Case Study
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Synchronization processes in fNIRS visibility networks
Applied Network Science volume 9, Article number: 53 (2024)
Abstract
We employ Kuramoto model to assess the presence of synchronization in individuals who fulfill a cooperation task. Our input data is a couple of signals obtained from functional NearInfrared Spectroscopy Data Acquisition and Preprocessing technology that is used to capture the brain activity of an individual by measuring the oxyhemoglobin (HbO) level. We consider 1 min signal for individuals in three distinct states: (i) rest; (ii) before a disturb happens; (iii) after the disturbance. We estimate global and local order parameters synchronization with the purpose to compare the conditions of reaching a synchronous state in the networks corresponding to different states for distinct individuals and hemispheres of the prefrontal cortices of same individual. Experimental results confirmed once more that coherent state is reached not for same conditions in both individuals and hemispheres of the prefrontal cortices. Furthermore, condition changes even for different events. The computation of the effective frequencies for each degree class indicates clearly the network difference in rest, before and after disturb. Finally, we investigate the dynamic connectivity matrix and consider the similarity between distinct prefrontal cortices over time.
Introduction
Collective synchronization phenomena are quite popular in various fields of science and they have been observed in biology, physical, social, technological, neurological sciences for centuries (Pikovsky et al. 2001; Osipov et al. 2007; Arenas et al. 2008; Dörfler and Francesco 2014; Jiruska et al. 2013). It is a complex phenomenon in which large groups of coupled oscillators, with similar natural frequencies, self synchronize into coherent collective modes of motion and include many variety of biological examples such as congregations of synchronously flashing fireflies, crickets that chirp in unison, an audience clapping at the end of a performance, networks of pacemaker cells in the heart, insulin secreting cells in the pancreas, as well as neural networks in the brain and spinal cord that control rhythmic behaviors such as breathing, walking and eating (Sherman and Rinzel 1991; Timme and Wolf 2008; Osipov et al. 2009; Ma and Tang et al. 2015; RamírezÁvila et al. 2018). A classical approach to the problem of synchronization consists on modelling each component of the population studied as a phase oscillator. One of the most popular models of coupled phase oscillator is the Kuramoto model (KM), firstly studied in all to all coupled oscillators (Acebrón et al. 2005) and years later has been proposed in complex networks (Rodrigues et al. 2016). Researches in this field reflect the importance of KM in describing a wide variety of synchronization processes: phase synchronization (Rosenblum et al. 1996; Arenas et al. 2006a, b; Fell and Axmacher 2011), cluster synchronization (Lu et al. 2010; Pecora et al. 2014; Sorrentino et al. 2016), explosive synchronization (GómezGardeñes et al. 2011; Boccaletti et al. 2016; D’Souza et al. 2019), chimera states (Abram and Strogatz 2004; Wolfrum and Omel’chenko 2011; Schöll 2016) etc. In this paper we are focused on the investigation of the phase synchronization in functional NearInfrared Spectroscopy Data Acquisition and Preprocessing (fNIRS) visibility networks.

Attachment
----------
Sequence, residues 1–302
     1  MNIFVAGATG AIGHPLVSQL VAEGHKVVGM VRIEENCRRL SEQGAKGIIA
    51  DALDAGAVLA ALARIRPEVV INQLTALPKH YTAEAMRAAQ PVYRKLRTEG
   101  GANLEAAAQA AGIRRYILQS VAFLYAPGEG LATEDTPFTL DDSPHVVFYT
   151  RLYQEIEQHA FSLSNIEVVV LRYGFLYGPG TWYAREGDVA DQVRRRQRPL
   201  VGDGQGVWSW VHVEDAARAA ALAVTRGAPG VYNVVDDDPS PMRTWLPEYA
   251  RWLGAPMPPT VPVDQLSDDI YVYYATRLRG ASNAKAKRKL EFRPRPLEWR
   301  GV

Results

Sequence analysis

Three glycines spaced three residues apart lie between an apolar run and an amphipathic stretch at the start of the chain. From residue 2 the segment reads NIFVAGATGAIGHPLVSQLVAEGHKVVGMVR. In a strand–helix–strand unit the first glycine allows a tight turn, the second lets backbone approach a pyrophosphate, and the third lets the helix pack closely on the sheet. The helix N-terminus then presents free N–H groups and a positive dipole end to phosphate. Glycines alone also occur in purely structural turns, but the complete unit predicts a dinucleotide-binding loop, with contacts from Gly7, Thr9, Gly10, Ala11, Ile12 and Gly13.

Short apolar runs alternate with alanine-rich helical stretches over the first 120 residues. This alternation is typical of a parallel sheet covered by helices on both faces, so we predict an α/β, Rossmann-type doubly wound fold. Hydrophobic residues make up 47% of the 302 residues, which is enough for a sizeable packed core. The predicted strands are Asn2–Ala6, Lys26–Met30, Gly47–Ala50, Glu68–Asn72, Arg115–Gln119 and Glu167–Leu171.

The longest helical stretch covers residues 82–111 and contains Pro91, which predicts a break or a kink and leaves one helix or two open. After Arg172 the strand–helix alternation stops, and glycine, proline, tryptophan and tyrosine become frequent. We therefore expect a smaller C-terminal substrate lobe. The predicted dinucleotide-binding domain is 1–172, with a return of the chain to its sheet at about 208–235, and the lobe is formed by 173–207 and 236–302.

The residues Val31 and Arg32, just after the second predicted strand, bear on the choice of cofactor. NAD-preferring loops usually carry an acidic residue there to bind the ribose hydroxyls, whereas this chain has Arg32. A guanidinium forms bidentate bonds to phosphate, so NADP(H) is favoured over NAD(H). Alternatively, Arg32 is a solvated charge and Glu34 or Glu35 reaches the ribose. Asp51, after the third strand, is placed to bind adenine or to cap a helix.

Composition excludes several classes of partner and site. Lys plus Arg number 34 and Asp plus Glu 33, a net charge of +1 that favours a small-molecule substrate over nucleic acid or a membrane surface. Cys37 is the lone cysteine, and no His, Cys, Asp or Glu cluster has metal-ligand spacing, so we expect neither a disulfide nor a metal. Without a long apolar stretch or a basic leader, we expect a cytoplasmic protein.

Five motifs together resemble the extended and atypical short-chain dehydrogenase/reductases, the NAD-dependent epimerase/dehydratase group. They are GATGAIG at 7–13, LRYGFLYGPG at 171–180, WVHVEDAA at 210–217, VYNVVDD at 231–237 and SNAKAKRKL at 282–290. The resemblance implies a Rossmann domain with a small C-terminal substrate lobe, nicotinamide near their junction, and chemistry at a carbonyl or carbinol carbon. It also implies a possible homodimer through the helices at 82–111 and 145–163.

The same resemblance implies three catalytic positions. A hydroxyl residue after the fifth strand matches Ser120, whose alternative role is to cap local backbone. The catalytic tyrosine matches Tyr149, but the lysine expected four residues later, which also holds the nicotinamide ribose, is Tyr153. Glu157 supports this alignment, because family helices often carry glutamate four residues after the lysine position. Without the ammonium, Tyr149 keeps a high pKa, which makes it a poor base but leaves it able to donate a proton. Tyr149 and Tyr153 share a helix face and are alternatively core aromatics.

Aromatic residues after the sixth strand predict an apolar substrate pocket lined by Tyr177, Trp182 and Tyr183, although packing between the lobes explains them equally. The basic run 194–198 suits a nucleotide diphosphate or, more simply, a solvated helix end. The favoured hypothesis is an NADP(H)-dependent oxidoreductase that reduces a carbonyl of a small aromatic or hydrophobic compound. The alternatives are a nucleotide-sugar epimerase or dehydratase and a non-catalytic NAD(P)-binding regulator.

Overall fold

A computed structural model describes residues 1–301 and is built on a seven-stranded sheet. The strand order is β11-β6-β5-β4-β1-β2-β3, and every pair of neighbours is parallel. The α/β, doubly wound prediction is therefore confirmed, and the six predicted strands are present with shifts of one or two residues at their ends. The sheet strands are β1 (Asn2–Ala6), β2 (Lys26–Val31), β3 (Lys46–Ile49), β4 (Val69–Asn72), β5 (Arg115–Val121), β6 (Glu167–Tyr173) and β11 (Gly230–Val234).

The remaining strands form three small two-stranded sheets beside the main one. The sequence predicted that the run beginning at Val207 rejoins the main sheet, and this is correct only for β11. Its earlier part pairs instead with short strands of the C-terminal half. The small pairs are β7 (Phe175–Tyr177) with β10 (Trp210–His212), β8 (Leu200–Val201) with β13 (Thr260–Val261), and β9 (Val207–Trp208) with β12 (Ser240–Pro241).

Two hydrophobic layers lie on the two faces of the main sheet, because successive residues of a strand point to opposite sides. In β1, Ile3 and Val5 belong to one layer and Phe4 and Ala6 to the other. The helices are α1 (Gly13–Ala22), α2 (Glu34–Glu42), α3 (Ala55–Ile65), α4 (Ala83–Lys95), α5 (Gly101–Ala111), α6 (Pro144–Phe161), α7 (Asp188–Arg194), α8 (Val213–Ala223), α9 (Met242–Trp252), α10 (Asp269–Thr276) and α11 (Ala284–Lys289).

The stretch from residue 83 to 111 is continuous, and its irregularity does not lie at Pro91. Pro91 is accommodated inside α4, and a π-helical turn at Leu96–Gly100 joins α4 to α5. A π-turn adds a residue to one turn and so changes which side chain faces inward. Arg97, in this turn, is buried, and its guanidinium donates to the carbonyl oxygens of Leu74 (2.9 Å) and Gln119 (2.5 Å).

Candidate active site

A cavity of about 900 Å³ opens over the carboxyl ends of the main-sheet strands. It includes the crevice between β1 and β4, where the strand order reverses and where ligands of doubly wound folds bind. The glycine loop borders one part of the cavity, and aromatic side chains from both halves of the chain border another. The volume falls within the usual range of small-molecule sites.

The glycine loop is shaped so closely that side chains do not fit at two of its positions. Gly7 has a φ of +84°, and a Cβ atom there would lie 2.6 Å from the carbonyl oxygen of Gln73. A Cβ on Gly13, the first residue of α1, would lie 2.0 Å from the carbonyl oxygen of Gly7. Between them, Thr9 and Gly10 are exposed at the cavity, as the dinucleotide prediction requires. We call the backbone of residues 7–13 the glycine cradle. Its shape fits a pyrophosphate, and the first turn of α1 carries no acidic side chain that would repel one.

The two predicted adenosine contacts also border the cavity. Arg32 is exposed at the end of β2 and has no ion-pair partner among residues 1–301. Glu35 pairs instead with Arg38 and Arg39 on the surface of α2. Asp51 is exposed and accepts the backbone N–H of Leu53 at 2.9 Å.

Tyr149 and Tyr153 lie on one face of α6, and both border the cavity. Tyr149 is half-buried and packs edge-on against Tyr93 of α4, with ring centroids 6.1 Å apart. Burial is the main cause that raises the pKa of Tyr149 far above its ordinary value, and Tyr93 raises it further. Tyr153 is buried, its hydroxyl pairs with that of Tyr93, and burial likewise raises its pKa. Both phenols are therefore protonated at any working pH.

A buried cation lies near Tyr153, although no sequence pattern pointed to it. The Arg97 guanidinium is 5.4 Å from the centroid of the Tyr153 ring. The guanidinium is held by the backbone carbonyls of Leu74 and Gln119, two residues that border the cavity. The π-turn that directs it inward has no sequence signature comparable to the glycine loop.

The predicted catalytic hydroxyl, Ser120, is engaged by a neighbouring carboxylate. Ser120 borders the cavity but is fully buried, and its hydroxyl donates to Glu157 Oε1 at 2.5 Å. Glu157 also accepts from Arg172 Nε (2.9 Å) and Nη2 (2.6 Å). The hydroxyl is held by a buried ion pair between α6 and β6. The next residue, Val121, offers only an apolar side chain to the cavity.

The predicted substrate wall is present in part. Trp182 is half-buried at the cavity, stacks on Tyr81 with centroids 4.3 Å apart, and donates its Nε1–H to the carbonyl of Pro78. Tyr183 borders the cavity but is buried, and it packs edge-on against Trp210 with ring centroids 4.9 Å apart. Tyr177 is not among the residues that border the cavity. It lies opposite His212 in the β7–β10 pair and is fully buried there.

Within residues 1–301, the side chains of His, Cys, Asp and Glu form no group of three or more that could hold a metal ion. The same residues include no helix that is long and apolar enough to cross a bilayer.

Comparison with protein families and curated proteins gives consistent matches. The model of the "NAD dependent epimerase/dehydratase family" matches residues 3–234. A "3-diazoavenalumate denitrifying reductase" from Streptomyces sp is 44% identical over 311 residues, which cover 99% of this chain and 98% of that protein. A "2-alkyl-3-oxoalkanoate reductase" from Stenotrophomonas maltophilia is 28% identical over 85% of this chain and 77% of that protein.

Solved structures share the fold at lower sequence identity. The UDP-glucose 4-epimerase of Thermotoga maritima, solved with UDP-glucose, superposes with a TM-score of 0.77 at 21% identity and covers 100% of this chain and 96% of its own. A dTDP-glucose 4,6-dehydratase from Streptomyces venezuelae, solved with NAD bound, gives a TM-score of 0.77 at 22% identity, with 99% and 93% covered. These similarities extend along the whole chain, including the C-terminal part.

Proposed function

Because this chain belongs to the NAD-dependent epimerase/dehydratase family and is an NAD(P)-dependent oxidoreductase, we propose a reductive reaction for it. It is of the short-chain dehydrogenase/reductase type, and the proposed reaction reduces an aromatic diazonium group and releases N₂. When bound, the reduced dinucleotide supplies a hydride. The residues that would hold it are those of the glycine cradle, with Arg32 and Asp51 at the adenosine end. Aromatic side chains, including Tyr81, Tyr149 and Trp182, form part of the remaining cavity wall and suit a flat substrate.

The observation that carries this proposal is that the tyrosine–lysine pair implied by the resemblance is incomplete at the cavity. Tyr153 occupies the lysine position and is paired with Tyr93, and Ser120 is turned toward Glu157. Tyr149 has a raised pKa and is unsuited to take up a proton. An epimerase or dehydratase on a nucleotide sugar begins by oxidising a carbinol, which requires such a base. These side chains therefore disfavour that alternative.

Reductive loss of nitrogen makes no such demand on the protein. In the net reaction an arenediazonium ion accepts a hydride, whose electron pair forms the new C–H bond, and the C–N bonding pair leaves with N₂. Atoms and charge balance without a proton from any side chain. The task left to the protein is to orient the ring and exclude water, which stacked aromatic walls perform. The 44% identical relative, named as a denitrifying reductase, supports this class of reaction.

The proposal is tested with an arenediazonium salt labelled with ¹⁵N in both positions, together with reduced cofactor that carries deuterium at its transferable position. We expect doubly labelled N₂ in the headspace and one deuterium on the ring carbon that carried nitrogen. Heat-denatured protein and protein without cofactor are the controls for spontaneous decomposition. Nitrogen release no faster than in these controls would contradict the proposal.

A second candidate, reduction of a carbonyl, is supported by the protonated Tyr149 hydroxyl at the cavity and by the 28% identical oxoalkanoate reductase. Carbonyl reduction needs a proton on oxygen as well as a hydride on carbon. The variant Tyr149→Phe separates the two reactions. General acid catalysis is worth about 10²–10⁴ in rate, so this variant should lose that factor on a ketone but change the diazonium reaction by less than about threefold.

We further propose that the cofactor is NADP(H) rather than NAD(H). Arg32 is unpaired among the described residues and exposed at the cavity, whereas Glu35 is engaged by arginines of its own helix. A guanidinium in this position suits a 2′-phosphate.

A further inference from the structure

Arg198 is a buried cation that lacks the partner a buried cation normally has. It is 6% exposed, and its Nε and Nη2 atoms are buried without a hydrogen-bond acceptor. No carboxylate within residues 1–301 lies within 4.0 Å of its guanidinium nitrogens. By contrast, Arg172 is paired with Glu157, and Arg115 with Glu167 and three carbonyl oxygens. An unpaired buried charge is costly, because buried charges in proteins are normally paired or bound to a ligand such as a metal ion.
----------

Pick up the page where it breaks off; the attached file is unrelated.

Visibility graphs provide a powerful technique to study time series in the context of complex networks (Lacasa et al. 2008). Through these techniques, time series can be mapped onto complex networks (both directed and undirected; weighted and non weighted) and their structure and dynamics can be studied by means of the complex networks. Studies on visibility networks have been focused primarily on two distinct directions: (i) canonical dynamics such as stochastic and chaotic processes (Brú et al. 2017; Gonçalves et al. 2016; Lacasa et al. 2009; Luque et al. 2011, 2013); (ii) a feature extraction procedure to make statistical learning (Bhaduri and Ghosh 2016; Hou et al. 2016; Long et al. 2014). In the literature, the reader can find a lot of papers using visibility networks in neuroscience studies: analysis of the electroencephalogram (EEG) data (Mira Iglesias et al. 2016; Bhaduri and Ghosh 2016); functional magnetic resonance imaging (fMRI) data (Sannino et al. 2017); and fNIRS data (Dhamo et al. 2024).